Ukraine steps up Russian trade war with own food ban
Ukraine said on Tuesday it was drafting a list of food and other products it plans to ban from Russia in retaliation for Moscow's own painful and politically-charged restrictions.
The announcement threatens to further undermine relations between the two neighbours just days into a truce aimed at ending a five-month pro-Kremlin uprising in eastern Ukraine that has killed more than 2,700 people and sparked a trade war between Russia and the West.
Ukrainian Agriculture and Food Minister Igor Shvayka said the government was still in the process of forming the list of products it planned to stop at the border in the coming months.
"The economic development ministry is developing the list of Russian good whose important will be banned," the Interfax-Ukraine news agency quoted Shvayka as saying. "This list has not been completed yet."
Trade between the two largest former Soviet nations has imploded, with Ukrainian data showing that agricultural exports to Russia fell in the first six months by more than 31 percent.
The period covers the tumultuous months that saw a Kremlin-backed president ousted in a wave of protests and replaced by a pro-Western team that then sealed an historic EU trade pact.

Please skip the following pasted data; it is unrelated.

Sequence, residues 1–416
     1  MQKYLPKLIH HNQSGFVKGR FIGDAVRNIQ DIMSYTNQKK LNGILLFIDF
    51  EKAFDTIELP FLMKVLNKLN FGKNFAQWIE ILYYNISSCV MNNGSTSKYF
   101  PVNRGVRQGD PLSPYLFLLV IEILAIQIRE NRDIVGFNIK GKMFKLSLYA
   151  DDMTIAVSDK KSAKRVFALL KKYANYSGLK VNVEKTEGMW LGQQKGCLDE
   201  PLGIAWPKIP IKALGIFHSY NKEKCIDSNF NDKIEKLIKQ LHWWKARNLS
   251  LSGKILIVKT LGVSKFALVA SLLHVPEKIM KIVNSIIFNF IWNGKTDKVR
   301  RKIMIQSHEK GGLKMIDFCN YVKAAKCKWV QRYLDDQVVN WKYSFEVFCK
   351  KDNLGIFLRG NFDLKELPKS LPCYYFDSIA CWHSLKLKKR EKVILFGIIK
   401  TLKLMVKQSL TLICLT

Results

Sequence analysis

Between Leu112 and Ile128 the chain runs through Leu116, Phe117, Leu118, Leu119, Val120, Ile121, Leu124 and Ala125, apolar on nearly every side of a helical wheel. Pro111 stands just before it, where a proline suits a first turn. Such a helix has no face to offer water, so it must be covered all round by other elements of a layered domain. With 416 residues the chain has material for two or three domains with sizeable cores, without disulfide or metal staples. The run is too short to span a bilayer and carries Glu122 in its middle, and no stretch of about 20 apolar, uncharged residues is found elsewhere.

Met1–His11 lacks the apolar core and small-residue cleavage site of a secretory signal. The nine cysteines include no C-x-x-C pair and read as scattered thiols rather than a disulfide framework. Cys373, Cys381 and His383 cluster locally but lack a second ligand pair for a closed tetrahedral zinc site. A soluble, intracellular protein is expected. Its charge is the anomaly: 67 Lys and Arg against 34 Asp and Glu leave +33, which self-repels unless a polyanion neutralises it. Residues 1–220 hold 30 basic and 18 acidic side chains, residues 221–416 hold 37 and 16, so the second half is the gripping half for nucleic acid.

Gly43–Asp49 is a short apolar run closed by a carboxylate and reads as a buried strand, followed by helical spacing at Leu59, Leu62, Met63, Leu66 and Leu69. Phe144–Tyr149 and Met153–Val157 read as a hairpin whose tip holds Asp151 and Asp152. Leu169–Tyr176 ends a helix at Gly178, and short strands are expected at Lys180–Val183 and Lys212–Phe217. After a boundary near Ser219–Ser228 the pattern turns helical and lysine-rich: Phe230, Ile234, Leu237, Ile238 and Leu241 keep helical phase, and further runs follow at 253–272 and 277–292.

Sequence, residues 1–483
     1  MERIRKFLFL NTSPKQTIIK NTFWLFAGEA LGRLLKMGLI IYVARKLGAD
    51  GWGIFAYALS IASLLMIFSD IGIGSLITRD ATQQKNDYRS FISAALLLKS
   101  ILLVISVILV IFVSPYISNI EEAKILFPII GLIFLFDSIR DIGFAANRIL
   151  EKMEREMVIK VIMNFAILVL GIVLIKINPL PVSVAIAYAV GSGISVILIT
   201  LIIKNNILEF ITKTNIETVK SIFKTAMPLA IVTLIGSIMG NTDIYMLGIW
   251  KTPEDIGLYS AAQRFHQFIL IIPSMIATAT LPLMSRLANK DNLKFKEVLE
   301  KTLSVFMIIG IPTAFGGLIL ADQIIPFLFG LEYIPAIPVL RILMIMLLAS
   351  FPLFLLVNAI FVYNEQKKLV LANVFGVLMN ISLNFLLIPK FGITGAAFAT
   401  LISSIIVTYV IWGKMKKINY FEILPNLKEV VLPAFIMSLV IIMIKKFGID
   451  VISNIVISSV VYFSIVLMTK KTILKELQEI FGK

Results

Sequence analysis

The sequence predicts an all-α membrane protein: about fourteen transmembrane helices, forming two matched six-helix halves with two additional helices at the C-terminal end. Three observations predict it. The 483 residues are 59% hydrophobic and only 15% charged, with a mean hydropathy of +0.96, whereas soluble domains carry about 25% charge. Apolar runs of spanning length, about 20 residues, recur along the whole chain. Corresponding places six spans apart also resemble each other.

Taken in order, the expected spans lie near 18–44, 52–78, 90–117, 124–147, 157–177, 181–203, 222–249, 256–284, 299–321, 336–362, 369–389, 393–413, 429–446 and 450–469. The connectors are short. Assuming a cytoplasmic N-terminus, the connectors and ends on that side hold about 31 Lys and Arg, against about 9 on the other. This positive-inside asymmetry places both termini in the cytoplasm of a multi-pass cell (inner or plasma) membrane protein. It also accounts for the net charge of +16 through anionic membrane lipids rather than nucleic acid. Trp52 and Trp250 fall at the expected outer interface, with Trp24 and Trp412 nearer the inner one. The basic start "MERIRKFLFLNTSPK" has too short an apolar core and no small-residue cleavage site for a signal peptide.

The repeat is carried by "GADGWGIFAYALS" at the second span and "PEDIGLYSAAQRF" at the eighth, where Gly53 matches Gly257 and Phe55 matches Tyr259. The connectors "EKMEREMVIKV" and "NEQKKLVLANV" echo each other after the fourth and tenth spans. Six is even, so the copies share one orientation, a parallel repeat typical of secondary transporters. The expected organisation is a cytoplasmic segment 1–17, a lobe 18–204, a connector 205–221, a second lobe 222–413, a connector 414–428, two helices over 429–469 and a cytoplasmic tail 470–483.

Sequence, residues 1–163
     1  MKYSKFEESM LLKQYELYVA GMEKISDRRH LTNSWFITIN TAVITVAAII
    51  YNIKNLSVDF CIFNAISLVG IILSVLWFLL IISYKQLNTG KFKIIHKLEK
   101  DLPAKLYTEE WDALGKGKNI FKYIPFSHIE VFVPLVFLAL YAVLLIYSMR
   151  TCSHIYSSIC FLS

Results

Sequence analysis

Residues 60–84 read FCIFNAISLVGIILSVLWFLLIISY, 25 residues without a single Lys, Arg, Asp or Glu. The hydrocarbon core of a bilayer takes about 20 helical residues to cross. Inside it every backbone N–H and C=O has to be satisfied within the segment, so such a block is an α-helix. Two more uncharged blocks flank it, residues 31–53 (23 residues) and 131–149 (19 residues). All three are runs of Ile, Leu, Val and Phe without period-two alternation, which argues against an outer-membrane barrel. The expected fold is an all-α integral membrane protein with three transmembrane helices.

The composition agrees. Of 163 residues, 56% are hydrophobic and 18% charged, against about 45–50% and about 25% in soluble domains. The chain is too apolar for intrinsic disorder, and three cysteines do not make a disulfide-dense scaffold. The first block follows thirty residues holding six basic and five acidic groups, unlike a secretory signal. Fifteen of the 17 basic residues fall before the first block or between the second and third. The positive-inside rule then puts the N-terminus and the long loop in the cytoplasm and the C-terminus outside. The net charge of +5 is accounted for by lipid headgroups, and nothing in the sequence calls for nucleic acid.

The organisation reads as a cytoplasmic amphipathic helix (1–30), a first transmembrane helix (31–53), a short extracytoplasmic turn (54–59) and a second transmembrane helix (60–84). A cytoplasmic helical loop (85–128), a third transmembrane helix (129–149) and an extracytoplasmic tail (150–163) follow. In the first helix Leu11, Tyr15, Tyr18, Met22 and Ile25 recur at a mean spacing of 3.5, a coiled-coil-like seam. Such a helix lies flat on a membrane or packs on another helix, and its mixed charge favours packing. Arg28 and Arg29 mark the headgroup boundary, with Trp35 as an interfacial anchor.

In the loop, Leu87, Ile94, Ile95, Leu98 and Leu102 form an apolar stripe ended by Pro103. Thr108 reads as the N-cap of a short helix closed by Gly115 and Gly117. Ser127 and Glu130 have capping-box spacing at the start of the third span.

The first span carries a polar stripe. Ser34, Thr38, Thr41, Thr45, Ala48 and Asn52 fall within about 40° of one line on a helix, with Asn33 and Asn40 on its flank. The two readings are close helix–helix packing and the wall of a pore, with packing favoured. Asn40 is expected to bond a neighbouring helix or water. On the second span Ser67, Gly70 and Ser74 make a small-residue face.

Russia in June extended its long list of banned Ukrainian foods products to all forms of confectionery.
Moscow had previously cited food safety concerns when slapping restrictions on Ukrainian potatoes and all forms of dairy goods.
Russia also has blacklisted a host of Ukrainian vegetables and canned goods such as tuna and salmon.
The Kremlin has developed a long and varied history of discovering problems with food imported from former Soviet nations that are starting to look westwards and sever their decades-old Moscow ties.
It banned wine from Moldova and Georgia when both nations were negotiating their own EU trade and political association agreements.
The Kremlin last month stopped importing most EU and US food after they imposed the first serious sanctions on Russia for its aggression in Ukraine.
Moscow kicked off its trade war with Kiev last year by banning chocolates produced by the company owned by Petro Poroshenko -- the current Ukrainian president who was one of several tycoons who in 2013 saw the economic benefits of closer EU relations.
The Ukrainian parliament voted in August to draft restrictions on Russia and slap travel ban on Kremlin insiders and security agents linked to Moscow's seizure of Crimea in March.
Ukrainian Prime Minister Arseniy Yatsenyuk said at the time that the measures could cost his country as much as $7 billion (5.4 billion euros) in the first year due to likely reprisals from Moscow.
"We understand the price that Ukraine will pay," Yatsenyuk told lawmakers at the time. "But we are prepared to pay for our independence."
© 2014 AFP